Two more banks have made payments to the U.S. Treasury Department to repay funds extended through the government’s Troubled Asset Relief Program, bringing the total amount of profits taxpayers have realized through the program up to $10 billion.
Beach Business Bank of Manhattan Beach, Calif. announced on Wednesday that it had repurchased 1,500 of its Series A preferred shares from the federal government for $1.5 million. The U.S. Treasury Department will continue to own 4,500 of the bank’s preferred shares worth $4.5 million and an additional 300 share of its Series B preferred shares.
Marshall and Ilsely Bank of Milwaukee also made TARP payments this week. This past Monday the bank fully repaid its $1.7 billion TARP investment in addition to a related warrant and dividends on its preferred shares, and will give taxpayers a positive return of $229.8 million. M&I’s repayment was made in connection to the bank’s acquisition by the Bank of Montreal, a transaction announced this past December.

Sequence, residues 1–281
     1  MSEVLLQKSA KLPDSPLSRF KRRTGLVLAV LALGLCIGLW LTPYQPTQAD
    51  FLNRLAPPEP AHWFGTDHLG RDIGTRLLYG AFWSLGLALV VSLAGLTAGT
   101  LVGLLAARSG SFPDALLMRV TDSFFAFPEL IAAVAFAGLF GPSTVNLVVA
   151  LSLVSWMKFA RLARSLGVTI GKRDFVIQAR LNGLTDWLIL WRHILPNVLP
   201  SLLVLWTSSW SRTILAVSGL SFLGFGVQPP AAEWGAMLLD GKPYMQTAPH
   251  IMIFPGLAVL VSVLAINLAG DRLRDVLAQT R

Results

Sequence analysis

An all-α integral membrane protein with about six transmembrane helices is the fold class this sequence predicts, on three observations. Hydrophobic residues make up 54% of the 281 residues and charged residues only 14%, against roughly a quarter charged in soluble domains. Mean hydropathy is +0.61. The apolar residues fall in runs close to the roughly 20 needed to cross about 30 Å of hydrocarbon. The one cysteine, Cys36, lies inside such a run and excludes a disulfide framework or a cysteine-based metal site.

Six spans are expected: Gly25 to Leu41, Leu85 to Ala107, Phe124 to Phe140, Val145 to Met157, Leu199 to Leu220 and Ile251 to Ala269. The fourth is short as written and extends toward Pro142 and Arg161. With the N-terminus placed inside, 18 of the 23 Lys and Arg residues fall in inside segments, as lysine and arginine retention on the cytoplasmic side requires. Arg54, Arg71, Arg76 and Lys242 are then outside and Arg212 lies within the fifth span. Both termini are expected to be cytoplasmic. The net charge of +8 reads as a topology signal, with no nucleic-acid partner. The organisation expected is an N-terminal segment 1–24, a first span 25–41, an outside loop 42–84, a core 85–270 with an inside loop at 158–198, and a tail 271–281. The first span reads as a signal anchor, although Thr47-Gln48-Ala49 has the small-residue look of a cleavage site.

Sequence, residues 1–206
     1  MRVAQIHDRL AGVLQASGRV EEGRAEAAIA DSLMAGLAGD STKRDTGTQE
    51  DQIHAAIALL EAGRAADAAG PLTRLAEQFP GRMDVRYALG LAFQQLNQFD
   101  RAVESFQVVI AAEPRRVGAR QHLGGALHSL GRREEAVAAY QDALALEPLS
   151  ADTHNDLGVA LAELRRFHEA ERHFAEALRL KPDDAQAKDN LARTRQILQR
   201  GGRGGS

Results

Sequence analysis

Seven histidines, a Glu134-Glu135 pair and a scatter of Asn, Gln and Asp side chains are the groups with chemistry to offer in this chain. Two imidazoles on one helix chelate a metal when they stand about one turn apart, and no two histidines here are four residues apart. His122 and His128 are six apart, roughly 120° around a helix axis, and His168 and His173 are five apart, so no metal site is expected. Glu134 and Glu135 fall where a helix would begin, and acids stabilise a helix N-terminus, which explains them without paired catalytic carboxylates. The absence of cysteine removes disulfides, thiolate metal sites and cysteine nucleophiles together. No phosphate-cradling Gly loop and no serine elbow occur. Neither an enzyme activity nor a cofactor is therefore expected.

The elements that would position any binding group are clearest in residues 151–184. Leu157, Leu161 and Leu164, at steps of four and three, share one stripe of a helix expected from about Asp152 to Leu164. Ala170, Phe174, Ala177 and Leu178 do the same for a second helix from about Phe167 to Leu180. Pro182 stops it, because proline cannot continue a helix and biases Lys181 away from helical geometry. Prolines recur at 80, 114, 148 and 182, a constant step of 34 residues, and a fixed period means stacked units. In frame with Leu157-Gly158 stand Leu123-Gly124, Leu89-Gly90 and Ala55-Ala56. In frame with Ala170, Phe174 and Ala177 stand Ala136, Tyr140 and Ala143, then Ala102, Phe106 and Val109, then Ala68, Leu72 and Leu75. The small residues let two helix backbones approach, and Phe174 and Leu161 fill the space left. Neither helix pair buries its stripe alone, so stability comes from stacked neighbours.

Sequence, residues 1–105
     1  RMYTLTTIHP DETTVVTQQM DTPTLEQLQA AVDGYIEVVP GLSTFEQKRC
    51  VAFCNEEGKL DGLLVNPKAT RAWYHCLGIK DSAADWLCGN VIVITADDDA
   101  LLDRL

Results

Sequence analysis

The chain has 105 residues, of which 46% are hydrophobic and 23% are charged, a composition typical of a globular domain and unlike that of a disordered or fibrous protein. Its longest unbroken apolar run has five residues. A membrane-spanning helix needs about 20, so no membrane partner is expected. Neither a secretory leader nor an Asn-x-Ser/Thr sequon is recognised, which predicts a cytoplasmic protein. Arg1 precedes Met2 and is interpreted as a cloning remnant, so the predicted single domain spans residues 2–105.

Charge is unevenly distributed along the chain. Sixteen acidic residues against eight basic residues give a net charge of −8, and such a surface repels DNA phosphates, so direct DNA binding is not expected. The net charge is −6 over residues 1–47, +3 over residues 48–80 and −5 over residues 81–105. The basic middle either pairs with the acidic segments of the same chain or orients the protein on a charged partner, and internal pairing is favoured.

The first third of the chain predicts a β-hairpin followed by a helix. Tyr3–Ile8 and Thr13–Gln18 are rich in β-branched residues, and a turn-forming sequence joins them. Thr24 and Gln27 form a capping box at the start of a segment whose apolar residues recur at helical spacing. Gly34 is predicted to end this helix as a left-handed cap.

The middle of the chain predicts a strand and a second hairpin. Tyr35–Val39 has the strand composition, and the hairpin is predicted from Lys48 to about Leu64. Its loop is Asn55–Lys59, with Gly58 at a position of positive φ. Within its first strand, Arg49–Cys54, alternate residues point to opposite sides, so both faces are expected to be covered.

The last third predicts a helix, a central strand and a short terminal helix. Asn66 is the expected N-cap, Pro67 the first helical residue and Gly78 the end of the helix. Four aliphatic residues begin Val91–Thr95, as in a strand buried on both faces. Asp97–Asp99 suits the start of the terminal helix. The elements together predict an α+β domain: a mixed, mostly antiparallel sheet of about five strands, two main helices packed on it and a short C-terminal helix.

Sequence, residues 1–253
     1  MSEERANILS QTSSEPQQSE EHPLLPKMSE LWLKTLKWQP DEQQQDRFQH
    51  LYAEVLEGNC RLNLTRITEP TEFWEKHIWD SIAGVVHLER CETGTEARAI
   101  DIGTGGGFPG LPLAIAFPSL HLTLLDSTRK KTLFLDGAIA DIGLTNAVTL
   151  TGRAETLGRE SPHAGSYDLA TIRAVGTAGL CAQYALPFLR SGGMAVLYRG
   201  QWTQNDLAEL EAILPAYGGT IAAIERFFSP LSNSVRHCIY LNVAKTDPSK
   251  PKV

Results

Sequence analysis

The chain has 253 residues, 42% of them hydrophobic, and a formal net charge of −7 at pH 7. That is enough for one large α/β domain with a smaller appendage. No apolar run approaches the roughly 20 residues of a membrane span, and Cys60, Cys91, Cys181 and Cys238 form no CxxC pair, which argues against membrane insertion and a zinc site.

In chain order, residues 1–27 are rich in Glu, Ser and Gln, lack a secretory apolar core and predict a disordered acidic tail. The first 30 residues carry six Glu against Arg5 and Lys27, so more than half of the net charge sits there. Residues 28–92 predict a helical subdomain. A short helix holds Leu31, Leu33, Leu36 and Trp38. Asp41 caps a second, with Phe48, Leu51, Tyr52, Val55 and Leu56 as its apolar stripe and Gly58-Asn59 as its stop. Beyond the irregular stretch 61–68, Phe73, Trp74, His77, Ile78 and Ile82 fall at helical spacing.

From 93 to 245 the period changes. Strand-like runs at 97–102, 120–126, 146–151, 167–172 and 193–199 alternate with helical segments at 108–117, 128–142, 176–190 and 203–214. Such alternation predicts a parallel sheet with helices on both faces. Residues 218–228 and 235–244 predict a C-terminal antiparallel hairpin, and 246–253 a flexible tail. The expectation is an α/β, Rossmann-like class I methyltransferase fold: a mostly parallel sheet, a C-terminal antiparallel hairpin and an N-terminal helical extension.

As a result of both payments, the total amount of profits U.S. taxpayers have realized from the government’s bank bailout program now stands at $10 billion. Financial institutions providing taxpayers with the largest profits include Goldman Sachs ($1.1 billion), JP Morgan Chase & Co. ($950.3 million), Morgan Stanley ($950 million), Wells Fargo ($849.0 million) and Hartford Financial Services Group LLC ($713.7 million).
The Treasury Department announced this past March that U.S. taxpayers had broken even on their TARP investment, and that about 70% of the government’s investment in U.S. banks was still outstanding. Previous estimates made by the U.S. Treasury Department pegged the anticipated lifetime costs of the TARP program to taxpayers at $20 billion.
U.S. taxpayers spent a total of $245 billion propping up the financial services industry through the TARP program, though the actual purchase amount was about $204.9 billion.